Tuesday, October 20, 2015

100 Knopf Books--Day 2

Gianna's going to be participating in picking 100 of our favorite Knopf titles for the Knopf 100th Anniversary, so that means that I need to pick as many of the ones I've read and loved as I can before she snatches them from me. She's cruel like that. If you missed yesterday's post, you can see it here. In that post I chose the first four Knopf titles of note. Let's continue, shall we?

5. Interview With the Vampire by Anne Rice, originally published in 1976 (the year of our Liz; a momentous year all around). It might surprise some people to know that I've read this book, and it might surprise some people further that I read it based on the recommendation of one of my college professors. Forget about the movie and we're going to pretend that the teen vampire Twilight stuff never happened. Interview With the Vampire is well written, genre defying, literary horror that brought Dracula back from kitschy 70's schlock films to intense, contemporary, humanizing horror fiction. The story of Louis confessing his life's journey with the charismatic Lestat to a skeptical kid reporter was a new angle in horror fiction and makes for addictive reading even today.

6. Mildred Pierce by James M. Cain, originally published in 1941. I read Mildred Pierce relatively recently, wanting to read the novel before watching the HBO series with Kate Winslet. I think it's a terrific book. Mildred is a tough woman trying to support herself and her daughter after leaving a bastard of a husband. While working as a waitress, she scrapes her way out of the working class and supports her daughter's burgeoning music career. Mildred has a weakness for the wrong type of man, though, and her daughter is, well, simply a nasty human being. I love Mildred because she's super strong, and the book can be read as feminist noir fiction. Also, Los Angeles is front and center as the perfect backdrop for this story.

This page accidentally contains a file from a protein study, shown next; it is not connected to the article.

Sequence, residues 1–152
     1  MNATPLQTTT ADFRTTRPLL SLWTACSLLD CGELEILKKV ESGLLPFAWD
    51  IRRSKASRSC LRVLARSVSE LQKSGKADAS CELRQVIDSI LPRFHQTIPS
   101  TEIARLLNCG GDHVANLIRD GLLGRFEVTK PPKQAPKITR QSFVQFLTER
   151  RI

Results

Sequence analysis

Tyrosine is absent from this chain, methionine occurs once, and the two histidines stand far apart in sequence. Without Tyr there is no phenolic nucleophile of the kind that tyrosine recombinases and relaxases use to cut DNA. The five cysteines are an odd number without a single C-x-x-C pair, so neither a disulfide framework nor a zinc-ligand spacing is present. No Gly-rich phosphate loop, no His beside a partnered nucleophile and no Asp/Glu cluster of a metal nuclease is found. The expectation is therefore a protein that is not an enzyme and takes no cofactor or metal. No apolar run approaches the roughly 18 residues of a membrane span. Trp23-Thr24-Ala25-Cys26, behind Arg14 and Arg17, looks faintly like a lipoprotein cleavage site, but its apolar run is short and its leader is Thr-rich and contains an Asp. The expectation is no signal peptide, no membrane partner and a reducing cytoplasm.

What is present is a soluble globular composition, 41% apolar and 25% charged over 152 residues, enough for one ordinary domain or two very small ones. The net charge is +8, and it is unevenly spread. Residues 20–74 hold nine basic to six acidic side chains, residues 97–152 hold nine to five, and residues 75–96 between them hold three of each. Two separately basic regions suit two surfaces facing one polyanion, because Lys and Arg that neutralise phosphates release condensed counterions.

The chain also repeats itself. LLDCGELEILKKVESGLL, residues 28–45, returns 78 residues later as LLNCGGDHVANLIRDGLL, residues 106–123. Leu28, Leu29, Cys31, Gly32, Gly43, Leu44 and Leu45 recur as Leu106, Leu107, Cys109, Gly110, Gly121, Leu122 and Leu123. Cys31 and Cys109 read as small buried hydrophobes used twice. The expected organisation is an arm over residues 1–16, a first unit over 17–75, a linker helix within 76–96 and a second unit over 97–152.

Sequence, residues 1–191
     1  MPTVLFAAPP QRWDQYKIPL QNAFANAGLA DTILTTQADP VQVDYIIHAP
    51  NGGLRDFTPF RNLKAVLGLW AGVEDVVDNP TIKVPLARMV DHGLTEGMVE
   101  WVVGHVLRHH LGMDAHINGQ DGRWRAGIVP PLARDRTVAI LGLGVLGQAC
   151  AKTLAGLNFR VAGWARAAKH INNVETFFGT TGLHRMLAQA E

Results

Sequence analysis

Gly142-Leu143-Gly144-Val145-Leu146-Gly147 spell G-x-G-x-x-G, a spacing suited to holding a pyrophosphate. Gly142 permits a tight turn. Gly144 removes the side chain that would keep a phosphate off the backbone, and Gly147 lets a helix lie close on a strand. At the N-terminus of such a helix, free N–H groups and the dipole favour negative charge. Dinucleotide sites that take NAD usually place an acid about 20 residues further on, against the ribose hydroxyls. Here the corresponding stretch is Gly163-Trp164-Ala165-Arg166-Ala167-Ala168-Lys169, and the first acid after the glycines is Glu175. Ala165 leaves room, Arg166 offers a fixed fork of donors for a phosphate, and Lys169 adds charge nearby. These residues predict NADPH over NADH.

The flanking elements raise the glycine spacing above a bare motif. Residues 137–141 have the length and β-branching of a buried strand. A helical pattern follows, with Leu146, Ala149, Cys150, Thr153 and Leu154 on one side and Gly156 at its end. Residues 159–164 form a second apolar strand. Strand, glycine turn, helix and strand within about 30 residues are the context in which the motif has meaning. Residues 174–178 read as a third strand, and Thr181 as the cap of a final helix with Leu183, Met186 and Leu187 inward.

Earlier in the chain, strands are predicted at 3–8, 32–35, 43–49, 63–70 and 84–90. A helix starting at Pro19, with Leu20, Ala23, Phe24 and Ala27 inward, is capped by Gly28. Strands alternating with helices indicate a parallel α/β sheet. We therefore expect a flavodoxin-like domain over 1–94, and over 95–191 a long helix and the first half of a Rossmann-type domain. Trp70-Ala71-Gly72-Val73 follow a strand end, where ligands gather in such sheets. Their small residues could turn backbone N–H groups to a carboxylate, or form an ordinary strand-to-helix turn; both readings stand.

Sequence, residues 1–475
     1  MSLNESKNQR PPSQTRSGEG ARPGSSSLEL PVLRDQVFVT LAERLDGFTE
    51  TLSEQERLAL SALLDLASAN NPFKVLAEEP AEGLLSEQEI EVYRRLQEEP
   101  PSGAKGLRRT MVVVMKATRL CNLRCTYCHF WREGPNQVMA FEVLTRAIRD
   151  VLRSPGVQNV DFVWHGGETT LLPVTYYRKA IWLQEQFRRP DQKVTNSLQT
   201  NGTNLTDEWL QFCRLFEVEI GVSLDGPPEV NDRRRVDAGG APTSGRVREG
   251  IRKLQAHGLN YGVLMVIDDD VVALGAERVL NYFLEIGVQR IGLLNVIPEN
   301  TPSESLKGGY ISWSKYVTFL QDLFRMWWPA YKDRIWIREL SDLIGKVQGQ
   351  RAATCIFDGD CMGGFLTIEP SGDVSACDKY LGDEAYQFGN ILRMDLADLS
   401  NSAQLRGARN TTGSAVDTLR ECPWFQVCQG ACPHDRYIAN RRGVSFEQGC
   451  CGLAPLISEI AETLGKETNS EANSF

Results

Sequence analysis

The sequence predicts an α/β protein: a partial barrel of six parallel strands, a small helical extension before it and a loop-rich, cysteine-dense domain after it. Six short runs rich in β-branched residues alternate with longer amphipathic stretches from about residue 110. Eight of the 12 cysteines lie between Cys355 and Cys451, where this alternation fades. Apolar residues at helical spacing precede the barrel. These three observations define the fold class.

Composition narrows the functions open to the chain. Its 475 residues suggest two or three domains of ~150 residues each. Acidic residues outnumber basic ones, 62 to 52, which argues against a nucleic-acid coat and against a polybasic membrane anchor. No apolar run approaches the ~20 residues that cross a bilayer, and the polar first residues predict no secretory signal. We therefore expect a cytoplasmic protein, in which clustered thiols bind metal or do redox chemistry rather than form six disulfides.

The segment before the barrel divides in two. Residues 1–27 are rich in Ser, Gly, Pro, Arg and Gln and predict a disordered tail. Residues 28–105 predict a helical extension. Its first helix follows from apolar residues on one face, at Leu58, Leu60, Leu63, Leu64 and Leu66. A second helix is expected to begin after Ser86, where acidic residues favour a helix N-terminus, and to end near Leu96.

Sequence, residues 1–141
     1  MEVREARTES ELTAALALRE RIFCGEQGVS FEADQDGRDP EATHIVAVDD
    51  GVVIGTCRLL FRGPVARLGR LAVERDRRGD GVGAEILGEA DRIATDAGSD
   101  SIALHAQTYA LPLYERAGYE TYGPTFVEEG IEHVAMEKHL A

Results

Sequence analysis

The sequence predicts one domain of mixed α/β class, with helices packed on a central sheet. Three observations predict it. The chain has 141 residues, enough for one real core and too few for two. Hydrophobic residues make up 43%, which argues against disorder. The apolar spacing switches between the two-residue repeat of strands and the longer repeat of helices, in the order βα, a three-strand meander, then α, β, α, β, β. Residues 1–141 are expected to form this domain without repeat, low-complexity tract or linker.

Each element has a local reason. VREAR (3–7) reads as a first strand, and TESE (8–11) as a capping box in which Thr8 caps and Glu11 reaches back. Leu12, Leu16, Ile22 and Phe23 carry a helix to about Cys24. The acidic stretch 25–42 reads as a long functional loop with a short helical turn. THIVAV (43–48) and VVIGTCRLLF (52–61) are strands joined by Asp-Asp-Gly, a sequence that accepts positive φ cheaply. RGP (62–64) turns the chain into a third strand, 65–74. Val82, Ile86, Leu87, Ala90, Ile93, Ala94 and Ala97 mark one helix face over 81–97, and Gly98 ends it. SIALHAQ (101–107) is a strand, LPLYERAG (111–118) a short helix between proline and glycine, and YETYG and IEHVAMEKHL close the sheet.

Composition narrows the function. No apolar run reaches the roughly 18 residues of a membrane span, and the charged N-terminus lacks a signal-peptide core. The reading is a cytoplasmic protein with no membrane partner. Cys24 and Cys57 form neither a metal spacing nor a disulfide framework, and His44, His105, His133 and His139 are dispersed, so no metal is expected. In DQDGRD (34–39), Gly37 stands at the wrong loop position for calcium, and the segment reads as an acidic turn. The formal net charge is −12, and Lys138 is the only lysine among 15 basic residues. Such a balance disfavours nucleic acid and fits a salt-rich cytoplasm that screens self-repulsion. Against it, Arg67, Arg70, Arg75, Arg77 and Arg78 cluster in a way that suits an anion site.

7. Plainsong by Kent Haruf, originally published in 1999. Oh, the humanity! I love Kent Haruf's novels, starting with this one, Plainsong. The story of two older men taking in a teenage girl down on her luck is filled with the humanity and human decency rarely found in contemporary fiction. Plainsong is a lovely ode to human goodness and compassion and the pleasures and pitfalls of small town life (in small towns they'll gossip like no one's business, but they'll also prop you up when no one else will...also, LOTS of casseroles). Haruf passed away earlier this year and his death rocked the Knopf office because he was so universally beloved. Reading Plainsong gives a glimpse of the man's spirit.

8. The Book of Aron by Jim Shepard, originally published in 2015. First of all, Jim Shepard is a genius writer and everyone should be reading his work. While mostly I associate the National Book Award finalist as a short story writer, The Book of Aron is a short novel about...a kid named Aron. I hope that didn't spoil anything. Anyway, Aron is the troublesome kid in school who "can't learn" and won't sit still and is a constant worry to his parents. Life changes for all of them, though, when as Jews they are moved to the Warsaw Ghetto. Aron's horrible behavior in a classroom actually makes him ideal for such acts as sneaking around the ghetto and over the walls in search of food and supplies. He's a black market god, but as conditions worsen, he's also faced with more and more difficult decisions. The Book of Aron is a multi-layered novel that suggests on the one hand that a boy shouldn't be held responsible for making impossible decisions in the worst situations, and yet, isn't he also culpable? It's a thoughtful, complex, fascinating novel, and one of my favorites of the year.

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